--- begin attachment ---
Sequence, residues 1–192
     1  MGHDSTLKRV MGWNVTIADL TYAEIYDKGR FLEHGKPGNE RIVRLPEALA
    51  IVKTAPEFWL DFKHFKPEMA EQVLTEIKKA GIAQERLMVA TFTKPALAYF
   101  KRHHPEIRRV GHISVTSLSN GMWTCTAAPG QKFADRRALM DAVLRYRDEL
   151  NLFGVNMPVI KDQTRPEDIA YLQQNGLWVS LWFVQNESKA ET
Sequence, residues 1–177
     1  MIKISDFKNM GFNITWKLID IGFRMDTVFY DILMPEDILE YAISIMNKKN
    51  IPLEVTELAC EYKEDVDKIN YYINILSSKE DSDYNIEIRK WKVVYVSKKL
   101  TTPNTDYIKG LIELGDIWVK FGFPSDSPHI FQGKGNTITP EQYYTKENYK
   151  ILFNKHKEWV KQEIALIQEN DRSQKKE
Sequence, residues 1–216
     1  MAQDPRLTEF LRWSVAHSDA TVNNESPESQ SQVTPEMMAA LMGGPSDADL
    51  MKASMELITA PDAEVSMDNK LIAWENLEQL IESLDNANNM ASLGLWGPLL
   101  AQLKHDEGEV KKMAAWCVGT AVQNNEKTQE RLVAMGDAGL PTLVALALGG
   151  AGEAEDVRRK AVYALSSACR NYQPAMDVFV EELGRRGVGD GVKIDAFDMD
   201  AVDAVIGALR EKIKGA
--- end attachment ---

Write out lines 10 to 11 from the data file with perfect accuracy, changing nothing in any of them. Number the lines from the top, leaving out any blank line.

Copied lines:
   151  ILFNKHKEWV KQEIALIQEN DRSQKKE
Sequence, residues 1–216